A transcription of Calcutta Indian School in Neshoba County, Mississippi in 1916, taken by John T. Reeves, Special Supervisor, Indian Service.
Topic: Indian School
A transcription of Revenue Indian School in Neshoba County, Mississippi in 1916, taken by John T. Reeves, Special Supervisor, Indian Service.
A transcription of Tubby Rock Indian School in Neshoba County, Mississippi in 1916, taken by John T. Reeves, Special Supervisor, Indian Service.
A transcription of Redwater Indian School in Leake County, Mississippi in 1916, taken by John T. Reeves, Special Supervisor, Indian Service.
A transcription of Newton Indian School in Newton County, Mississippi in 1916, taken by John T. Reeves, Special Supervisor, Indian Service.
Bertha Louise Ahrens (B. Feb. 26, 1857), missionary teacher among the Choctaw Freedmen of Indian Territory since 1885, and principal teacher at Oak Hill Academy, 1905-1911, is a native of Berlin, Prussia. Her parents, Otto and Augusta Ahrens, in 1865, when she was 8, and a brother Otto 5, came to America and located on a farm near Sigourney, Iowa, after one year at Bellville, Illinois; and four, at Harper, Iowa. The schools and Churches first attended used the German language. Her first studies in English were in the graded schools at Sigourney and here at seventeen, she became a
Mrs. John Claypool, matron 1908-9, the successor of Adelia Eaton, came from membership in the class of Mrs. A. W. Crawford of the First Presbyterian Church of San Diego, California. Her work is gratefully remembered for its uniform faithfulness and efficiency, and the sweet beneficent influence exerted by the noble womanhood and manhood of herself and husband, previously employed in a bank, who also came and remained with her at the institution. Through the aid of the latter, the profit on the poultry was greater that year, than in any other. The garden that year was greatly enlarged and surrounded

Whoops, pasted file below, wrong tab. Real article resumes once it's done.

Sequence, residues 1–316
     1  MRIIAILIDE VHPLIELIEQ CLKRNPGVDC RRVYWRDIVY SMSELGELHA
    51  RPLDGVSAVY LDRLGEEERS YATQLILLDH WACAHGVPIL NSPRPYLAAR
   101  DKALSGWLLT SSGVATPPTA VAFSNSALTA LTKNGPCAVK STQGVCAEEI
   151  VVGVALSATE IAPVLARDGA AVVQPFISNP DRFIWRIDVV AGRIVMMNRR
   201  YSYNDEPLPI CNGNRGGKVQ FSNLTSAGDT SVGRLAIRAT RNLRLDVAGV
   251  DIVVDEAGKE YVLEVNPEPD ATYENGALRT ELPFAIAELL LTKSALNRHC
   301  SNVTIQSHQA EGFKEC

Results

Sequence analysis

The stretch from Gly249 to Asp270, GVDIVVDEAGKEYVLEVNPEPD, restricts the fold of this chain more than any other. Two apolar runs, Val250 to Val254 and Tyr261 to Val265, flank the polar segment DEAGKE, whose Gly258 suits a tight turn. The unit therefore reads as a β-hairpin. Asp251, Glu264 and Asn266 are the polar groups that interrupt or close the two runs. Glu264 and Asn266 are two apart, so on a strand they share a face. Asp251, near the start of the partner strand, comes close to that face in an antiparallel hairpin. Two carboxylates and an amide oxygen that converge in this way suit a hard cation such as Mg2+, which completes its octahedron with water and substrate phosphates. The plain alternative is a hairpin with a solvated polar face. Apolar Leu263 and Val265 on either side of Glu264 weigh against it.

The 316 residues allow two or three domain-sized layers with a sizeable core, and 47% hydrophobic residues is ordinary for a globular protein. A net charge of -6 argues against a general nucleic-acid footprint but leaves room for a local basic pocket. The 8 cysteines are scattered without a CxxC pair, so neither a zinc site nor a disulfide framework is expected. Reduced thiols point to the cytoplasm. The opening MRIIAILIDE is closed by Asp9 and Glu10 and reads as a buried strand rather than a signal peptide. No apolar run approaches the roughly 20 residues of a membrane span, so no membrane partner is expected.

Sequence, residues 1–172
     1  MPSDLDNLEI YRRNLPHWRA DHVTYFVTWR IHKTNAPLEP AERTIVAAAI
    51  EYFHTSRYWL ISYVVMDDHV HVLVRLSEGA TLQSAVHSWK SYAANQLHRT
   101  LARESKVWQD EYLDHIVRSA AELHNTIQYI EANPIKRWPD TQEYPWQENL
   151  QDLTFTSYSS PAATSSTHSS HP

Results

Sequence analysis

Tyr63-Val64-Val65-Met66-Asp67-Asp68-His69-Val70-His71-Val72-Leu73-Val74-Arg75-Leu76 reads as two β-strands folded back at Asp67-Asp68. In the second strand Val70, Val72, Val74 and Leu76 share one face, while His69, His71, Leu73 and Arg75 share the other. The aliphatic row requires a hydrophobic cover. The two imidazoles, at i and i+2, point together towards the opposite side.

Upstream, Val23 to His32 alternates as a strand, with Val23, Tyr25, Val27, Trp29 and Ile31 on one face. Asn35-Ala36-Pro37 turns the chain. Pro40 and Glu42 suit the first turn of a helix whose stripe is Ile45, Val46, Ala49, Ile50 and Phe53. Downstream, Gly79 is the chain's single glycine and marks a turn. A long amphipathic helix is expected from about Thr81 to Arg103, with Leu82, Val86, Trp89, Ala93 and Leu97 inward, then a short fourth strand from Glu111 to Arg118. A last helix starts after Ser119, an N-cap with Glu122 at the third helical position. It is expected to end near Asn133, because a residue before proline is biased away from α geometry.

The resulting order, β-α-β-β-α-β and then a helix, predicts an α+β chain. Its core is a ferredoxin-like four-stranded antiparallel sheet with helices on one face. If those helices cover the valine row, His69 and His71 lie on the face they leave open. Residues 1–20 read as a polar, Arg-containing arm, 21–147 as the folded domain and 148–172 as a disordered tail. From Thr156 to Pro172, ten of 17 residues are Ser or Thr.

Adelia M. Eaton was the second daughter of Harvey Eaton, one of the hardy, prosperous pioneer farmers of Pocahontas County, Iowa. She grew to womanhood on the farm, where she learned to be industrious and earnest.
Mary I. Weimer, who served as matron 1909 to 1911, a native of Port Royal, Pennsylvania, came to Oak Hill from Knox, in the Devils Lake Region of North Dakota; where, after a course of preparation at the state teachers college at Fargo, she achieved an unusual degree of success, both as a teacher and manager of affairs on the farm. These interests prevented her from coming the previous year when first solicited. At the Academy she rendered a service so efficient and faithful as to merit the gratitude of all. After the loss of the Girls’ Hall, which occurred
Malinda A. Hall rendered six years of faithful and efficient service as assistant matron, and teacher. Having completed the grammar course at Oak Hill in 1900, and then a four years course at Ingleside Seminary in Virginia, she was well prepared for the work at the Academy, and proved a very reliable and valuable helper. She was capable and always willing, when requested, to supply any vacancy occurring among the other helpers. She enjoyed good health, and never lost a day from illness. Her strength and energy enabled her to execute promptly and efficiently, every work entrusted to her. Her